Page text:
Sunday, October 19, 2014

Game Review: Kid Icarus Uprising

3rd Person shooter/On rails shooter; 3DS; Nintendo/Sora; 2012
You know, I really need to plan my weekends better. A third of it is spent sleeping, a further third is spent playing video games, and the last third is spent wishing I had a longer weekend. Anyway, here is a game I had hoped to beat before Smash Bros came out, but just turned out to be much longer than I anticipated. Anyway, here is my review of Kid Icarus Uprising.

That's a big lady.
25 years after Pit defeated the goddess of darkness Medusa, Medusa suddenly returns, and she brought her entire army to invade the human and sky realms. The Goddess of Light, Palutena sends her Captain out to face Medusa's uprising and save both humanity and the gods once again. But why is Medusa back from the dead? What is her goal? And why did it take 25 years before Pit can have another game!? Find out in Kid Icarus Uprising!

Much like many of Nintendo's franchises, the story is just fluff for the action to take place, and Kid Icarus follows suit, EXCEPT there is quite a large plot involving multiple armies, several new characters, and shifting allegiances, all told during the action with dialogue between each of the characters (mostly Pit and Palutena). What's different about Kid Icarus is that everything is taken with so much humor and self awareness that eventually there is no fourth wall left for them to break. Every enemy returning from the old game is introduced with a shot of their original NES sprite, characters talk about their "Brain Ages," the strange conventions of video game logic, or how Komaytos look an awful lot like some parasitic lifeform from the planet SR388. While the game hardly takes itself seriously, everything is done with such great humor and charm that it is impossible not to love the banter between Pit, Palutena, and even the game's villains. As I said, like most Nintendo franchises the story is almost irrelevant, but it is the most engaging irrelevant story they have ever made.

Because every game needs grinding.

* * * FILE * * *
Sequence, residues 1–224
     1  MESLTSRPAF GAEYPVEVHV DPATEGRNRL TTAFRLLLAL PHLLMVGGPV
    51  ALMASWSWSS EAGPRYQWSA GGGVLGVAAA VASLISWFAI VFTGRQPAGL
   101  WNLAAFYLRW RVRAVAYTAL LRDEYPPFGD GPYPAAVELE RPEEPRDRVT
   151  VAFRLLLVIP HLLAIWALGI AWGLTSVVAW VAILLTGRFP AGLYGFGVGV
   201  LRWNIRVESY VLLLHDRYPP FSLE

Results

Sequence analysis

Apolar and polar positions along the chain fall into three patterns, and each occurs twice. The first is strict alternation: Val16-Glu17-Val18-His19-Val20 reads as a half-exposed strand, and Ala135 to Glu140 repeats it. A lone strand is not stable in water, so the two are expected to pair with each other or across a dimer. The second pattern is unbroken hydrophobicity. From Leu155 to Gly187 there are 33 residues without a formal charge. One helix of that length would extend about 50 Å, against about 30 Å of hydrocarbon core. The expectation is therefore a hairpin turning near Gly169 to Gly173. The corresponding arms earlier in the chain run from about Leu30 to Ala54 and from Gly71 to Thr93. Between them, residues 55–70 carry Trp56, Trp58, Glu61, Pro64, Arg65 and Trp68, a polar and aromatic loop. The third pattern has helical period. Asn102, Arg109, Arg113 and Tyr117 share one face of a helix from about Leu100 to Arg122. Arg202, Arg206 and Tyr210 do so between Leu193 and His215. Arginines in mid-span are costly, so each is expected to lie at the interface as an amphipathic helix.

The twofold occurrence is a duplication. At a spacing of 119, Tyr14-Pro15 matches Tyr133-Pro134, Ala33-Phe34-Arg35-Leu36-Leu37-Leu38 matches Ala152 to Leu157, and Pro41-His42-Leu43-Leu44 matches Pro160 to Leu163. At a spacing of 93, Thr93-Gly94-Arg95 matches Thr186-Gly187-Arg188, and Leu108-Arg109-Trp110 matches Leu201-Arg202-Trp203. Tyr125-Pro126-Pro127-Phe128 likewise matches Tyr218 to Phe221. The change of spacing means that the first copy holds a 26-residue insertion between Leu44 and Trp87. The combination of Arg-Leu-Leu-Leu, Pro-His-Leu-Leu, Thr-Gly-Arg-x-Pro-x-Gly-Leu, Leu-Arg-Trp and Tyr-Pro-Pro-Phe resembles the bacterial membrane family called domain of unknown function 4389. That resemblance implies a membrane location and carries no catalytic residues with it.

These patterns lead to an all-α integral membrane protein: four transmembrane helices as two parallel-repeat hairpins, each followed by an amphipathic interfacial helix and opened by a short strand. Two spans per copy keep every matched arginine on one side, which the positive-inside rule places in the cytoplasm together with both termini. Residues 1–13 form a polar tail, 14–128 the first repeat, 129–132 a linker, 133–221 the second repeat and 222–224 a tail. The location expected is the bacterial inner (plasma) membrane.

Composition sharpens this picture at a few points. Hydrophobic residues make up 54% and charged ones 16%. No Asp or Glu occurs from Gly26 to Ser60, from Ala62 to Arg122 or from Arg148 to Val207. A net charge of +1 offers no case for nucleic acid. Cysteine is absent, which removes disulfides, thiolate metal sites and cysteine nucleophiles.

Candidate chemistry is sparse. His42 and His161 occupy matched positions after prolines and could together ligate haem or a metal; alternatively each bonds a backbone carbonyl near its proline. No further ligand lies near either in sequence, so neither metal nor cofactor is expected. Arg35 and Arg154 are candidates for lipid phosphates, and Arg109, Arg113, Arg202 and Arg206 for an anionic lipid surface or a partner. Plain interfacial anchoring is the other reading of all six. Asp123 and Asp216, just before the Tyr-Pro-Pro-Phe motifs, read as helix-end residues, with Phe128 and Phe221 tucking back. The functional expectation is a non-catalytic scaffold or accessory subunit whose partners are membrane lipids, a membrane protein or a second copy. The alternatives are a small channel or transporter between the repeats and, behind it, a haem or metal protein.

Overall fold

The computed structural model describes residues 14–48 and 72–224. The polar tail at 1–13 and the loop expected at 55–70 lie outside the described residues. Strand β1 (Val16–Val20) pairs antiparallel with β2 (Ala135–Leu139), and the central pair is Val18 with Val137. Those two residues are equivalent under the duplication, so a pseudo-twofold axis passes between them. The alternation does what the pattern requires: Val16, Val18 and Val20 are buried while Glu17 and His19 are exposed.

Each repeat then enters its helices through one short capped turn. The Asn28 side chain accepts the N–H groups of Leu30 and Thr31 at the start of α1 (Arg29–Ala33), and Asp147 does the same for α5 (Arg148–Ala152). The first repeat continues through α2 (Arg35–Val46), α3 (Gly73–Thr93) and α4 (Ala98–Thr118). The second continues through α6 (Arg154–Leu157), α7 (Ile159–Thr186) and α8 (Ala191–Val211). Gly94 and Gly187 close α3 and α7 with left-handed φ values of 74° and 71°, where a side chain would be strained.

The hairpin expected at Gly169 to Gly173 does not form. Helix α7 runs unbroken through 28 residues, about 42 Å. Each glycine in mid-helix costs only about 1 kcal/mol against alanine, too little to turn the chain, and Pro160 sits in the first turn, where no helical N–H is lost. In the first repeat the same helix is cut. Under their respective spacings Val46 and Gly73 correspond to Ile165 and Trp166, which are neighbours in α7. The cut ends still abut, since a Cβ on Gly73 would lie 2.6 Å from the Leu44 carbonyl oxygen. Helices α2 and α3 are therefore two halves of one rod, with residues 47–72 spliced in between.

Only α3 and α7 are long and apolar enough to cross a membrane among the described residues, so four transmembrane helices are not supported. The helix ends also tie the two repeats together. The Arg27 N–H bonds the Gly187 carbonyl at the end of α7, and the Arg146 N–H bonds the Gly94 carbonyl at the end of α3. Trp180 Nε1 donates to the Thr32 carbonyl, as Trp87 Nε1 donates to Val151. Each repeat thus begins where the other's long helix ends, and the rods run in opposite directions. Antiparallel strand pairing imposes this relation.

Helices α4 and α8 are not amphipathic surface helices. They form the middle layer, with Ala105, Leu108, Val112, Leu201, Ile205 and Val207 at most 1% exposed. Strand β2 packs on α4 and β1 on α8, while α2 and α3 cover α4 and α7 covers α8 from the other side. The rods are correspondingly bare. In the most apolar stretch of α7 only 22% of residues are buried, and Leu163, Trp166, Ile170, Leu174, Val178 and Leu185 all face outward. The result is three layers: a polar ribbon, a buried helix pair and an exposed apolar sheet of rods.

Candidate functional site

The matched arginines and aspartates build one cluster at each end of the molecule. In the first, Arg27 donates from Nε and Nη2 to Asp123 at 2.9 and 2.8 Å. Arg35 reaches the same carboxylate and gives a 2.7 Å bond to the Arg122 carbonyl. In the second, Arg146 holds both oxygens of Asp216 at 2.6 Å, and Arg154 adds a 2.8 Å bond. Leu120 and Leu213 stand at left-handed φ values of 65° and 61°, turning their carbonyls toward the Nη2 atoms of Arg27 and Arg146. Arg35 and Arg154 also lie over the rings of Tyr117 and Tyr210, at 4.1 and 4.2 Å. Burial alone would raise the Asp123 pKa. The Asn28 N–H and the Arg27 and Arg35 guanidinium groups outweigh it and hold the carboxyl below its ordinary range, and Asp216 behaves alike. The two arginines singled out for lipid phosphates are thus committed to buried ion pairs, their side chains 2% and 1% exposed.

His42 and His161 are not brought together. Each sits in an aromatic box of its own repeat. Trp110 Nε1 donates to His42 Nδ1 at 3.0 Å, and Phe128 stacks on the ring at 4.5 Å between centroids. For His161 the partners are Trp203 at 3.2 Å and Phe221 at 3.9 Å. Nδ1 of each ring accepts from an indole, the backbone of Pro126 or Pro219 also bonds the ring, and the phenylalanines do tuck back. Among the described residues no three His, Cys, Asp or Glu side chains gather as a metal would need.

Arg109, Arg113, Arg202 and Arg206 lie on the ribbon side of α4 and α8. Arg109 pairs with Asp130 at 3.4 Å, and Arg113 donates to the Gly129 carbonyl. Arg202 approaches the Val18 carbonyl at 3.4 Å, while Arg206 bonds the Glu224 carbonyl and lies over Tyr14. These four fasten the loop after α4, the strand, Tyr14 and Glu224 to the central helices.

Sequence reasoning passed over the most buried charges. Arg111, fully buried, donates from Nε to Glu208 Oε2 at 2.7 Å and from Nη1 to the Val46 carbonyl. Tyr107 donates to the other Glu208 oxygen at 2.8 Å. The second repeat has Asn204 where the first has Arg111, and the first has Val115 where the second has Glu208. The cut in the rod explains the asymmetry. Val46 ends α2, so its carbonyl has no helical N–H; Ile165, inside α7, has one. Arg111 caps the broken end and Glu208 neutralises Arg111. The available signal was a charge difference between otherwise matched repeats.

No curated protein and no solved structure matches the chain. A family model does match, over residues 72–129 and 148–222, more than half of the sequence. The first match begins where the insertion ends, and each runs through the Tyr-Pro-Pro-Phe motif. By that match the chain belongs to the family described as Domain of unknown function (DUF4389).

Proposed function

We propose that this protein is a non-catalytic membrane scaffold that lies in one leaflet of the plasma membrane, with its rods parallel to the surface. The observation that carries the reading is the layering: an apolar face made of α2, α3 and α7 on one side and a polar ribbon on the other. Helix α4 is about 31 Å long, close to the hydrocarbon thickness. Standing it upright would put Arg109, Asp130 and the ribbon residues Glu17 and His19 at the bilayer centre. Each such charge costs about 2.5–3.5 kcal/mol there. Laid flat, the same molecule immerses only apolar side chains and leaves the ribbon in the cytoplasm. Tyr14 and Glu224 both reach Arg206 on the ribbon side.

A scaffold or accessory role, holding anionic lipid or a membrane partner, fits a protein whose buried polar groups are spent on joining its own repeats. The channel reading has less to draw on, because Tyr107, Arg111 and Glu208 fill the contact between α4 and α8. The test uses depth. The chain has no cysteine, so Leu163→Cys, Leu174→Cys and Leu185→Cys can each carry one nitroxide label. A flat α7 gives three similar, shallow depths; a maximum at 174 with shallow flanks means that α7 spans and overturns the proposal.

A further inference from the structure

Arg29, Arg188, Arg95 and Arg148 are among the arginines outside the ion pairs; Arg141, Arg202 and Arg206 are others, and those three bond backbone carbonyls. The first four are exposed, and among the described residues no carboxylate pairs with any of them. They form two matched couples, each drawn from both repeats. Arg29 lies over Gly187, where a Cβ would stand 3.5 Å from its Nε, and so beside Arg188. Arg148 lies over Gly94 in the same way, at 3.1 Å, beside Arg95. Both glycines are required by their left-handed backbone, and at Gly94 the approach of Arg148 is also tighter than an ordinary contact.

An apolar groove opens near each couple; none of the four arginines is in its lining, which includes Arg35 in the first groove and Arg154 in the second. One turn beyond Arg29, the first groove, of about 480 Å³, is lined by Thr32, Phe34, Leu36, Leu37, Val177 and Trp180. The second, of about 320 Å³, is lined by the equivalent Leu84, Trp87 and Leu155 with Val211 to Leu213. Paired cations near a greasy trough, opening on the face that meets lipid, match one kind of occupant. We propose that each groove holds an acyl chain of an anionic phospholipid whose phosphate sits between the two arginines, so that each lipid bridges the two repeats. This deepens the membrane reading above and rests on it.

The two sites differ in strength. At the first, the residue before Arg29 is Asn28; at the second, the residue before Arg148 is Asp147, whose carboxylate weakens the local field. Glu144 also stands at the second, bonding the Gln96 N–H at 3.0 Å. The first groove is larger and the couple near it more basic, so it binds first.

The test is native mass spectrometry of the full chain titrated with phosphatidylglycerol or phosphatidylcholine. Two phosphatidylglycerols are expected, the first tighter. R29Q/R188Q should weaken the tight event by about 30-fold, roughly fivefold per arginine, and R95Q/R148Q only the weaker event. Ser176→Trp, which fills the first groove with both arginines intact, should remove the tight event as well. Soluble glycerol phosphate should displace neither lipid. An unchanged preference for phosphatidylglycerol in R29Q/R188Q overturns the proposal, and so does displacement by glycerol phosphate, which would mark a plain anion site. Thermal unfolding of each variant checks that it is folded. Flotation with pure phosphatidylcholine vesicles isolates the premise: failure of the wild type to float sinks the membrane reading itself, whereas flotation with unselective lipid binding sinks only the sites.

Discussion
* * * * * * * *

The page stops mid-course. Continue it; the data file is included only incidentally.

The original Kid Icarus was an experiment in combining various different gameplay styles into one, namely side scrolling (and vertical scrolling) stages with dungeon exploration. Uprising continues this trend by splitting each stage into two segments, dubbed Air Battles and Land Battles. In Air Battles Pit flies on a rail guided by Palutena (because despite being an Angel, Pit can't fly on his own) where you shoot enemies that fly in front of you. It may sound a lot like Star Fox, but it is actually far more similar to Sin & Punishment as your move and aim are independent of one another and you have a melee attack if the enemy is close enough. Under the default controls you move around with the Circle pad and aim your target reticule with the touch screen, and when you are ready to fire you use the L button. It is a simple control scheme, but one that cramps your hands very quickly. In land battles the controls are similar, but aiming and camera control are BOTH handled by the touch screen, and with the circle pad you have a normal walk if you gently push in that direction, and you have a dash if you quickly push the circle pad (think the Smash input in Smash Bros.). L is still to shoot, but now you have different types of attacks depending on whether your standing still, dashing, or have a charge shot (You charge by not shooting for a period of time). Between the games many MANY stages, you can spend Hearts (which is once again a currency) to buy weapons or you can take two weapons and fuse them together for an even more powerful weapon, and there are a LOT of weapons, and each one can have different stats and effects based on random luck when you get it, or careful fusion planning. You can also reassign powers on a Tetris like grid so that you can use them during land battles. There is actually quite a LOT you can do in this game including collect Idols (think Trophies from Smash Bros.) clear challenges (also Smash Bros.) or fight with others online. Uprising is also the first game to use the intensity gauge, where you wager hearts to increase or decrease the difficulty of each stage (starting at 2.0 as "Normal" going down to 1.0 for "Easy" and all the way up to 9.0 for "You are insane!"). The higher the intensity, the harder add more numerous the enemies but also the greater the loot and more areas you have access to.